Leaflet from November 2001 analysing the movement against the war in Afghanistan.
The civilian death toll mounts in Afghanistan, to be added to the thousands who died in New York. The refugee crisis grows daily, with millions more facing starvation. Ground troops are sent in and we are warned to expect a long drawn out bloody conflict. War certainly lays bare the horrors of capitalism.
We are heartened by the fact that reasonably large, and growing anti-war demonstrations have taken place both in this country and elsewhere. We share the view that, despite the massive propaganda effort, only a minority of people actively supports the war effort. The effects of the war will be increasingly felt. The war is being used as a cover for the deepening economic crisis but also contributes to it, leading to more sackings, increasing racism, additional draconian laws and further cuts in social spending. This will in turn lead to more and more opposition to the war. The important question will be the form this opposition takes.
Over the last few years, since at least June 18th 1999, we have witnessed the growth of a global anti-capitalist movement. Through a series of international gatherings beginning with Seattle and most recently at Genoa, this diverse movement succeeded in questioning the viability of capitalism. Many commentators are now seeking to write off this movement, suggesting that September 11th changes everything. But war and capitalism are inseparable. Nation states and would-be states (like al Qaida) fight each other for control of both resources and the right to exploit our labour power. This is the normal mode of functioning of capitalism - since the First World War barely a day has passed without war being waged somewhere in the world. The struggle against the war and the struggle to replace capitalism with a classless world human community are the same.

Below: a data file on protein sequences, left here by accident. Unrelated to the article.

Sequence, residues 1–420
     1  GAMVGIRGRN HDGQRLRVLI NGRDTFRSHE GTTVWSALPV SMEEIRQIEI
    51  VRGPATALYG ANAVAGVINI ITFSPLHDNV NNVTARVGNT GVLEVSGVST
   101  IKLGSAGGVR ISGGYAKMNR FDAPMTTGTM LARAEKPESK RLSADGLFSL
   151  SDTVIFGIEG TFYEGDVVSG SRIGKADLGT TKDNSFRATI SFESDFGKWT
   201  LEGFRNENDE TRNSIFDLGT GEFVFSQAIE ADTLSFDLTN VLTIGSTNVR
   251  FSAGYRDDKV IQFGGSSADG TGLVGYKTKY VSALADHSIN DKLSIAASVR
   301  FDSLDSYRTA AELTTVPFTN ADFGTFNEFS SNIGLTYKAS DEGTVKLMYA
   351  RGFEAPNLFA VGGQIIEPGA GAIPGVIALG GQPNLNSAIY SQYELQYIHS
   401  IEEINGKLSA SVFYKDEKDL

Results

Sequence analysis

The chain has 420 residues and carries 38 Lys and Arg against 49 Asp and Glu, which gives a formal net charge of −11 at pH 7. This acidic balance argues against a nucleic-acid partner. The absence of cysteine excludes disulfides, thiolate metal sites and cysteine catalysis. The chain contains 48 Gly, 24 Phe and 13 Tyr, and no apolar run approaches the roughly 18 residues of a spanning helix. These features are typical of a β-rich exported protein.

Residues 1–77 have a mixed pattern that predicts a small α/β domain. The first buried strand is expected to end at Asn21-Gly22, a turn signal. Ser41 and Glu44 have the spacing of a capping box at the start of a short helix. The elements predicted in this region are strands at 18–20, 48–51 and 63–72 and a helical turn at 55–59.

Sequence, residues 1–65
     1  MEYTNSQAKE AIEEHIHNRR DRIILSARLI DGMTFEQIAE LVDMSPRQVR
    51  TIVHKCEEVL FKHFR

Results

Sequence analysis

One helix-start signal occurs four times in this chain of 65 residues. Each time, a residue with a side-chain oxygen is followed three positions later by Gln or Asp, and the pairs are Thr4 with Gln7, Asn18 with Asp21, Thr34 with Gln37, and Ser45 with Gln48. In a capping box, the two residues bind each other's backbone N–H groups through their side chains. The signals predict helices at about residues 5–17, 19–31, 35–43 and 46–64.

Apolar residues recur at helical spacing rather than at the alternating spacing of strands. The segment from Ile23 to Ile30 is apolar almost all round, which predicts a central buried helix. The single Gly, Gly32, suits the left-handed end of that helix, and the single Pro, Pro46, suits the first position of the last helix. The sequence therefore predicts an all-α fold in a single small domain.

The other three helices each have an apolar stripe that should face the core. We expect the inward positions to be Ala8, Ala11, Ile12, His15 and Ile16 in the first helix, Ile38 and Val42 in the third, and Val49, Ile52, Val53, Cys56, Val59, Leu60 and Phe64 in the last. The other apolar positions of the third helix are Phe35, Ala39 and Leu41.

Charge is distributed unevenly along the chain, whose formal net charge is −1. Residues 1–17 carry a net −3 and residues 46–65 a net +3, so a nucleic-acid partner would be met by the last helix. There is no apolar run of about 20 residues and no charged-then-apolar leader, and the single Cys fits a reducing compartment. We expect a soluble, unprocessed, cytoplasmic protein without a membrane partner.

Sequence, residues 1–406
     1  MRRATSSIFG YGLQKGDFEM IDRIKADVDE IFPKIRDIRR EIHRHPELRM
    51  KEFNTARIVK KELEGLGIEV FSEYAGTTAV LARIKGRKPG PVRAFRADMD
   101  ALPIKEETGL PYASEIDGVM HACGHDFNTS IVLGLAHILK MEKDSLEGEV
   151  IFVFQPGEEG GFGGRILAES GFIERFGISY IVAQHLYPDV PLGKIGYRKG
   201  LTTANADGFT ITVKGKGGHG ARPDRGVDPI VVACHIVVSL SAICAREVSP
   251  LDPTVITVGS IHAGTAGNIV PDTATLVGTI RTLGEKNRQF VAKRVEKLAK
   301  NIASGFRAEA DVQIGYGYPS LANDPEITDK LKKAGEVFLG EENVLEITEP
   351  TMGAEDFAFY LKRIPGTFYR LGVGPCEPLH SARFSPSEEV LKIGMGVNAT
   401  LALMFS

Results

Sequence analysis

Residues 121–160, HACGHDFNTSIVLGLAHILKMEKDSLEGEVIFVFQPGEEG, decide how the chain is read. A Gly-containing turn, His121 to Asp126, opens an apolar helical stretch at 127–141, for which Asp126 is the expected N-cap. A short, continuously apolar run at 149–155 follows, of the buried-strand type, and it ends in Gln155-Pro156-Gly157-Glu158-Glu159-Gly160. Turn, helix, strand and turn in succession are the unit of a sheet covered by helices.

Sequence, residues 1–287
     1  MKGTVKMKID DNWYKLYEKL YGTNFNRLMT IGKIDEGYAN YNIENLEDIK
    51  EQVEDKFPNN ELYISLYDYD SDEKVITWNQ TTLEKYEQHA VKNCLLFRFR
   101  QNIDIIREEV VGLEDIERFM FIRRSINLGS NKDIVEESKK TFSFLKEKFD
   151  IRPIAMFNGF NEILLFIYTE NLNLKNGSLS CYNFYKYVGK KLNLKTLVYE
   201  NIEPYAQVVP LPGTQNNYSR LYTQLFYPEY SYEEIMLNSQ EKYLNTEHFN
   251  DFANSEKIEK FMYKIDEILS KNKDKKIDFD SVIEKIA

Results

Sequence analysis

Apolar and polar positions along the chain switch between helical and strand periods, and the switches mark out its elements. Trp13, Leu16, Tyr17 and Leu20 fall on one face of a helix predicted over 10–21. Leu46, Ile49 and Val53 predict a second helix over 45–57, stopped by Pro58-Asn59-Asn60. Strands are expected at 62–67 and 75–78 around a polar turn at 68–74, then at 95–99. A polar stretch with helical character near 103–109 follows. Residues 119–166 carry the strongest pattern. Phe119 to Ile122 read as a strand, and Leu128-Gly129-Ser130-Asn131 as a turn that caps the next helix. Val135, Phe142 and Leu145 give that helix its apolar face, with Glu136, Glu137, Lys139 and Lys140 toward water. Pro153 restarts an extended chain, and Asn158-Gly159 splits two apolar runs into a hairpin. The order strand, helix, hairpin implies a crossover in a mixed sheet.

The overwhelming urge for peace is an understandable response to the war. The ideology of pacifism is, however, a completely reactionary basis for opposition to the war. Most pacifists seek an alternative method to resolve the conflict, the favourite being that bin Laden should be tried before an international court, whilst others look to UN intervention. Even if we ignore the often-tragic failure of such initiatives in the past, this can at best lead only to capitalist peace. Capitalist peace means death by starvation, lack of shelter or healthcare, by environmental poisoning, over work, hopelessness and alienation, in short terror and death by other means.
The response of the left to the war is to drag out the tired old formula of “anti-imperialism” in which the USA is the imperial power to be opposed. This in turn means giving support (“conditional” or “critical”, it matters not) to the barbarous misogynist pro-capitalist regime of the Taliban. Not surprisingly this quickly develops into anti-Americanism, which writes off an important section of the working class as irredeemingly reactionary. The Stop the War coalition, formed by the left, is a cross-class alliance with religious leaders, MP's and other enemies of the working class. That the left performs such a counter-revolutionary role does not surprise us - they are after all the left wing of capital. To the members of such groups, among whom we know that there are decent people, we must pose the question: How can you stomach such reactionary nonsense?
Taken from the No War But The Class War website.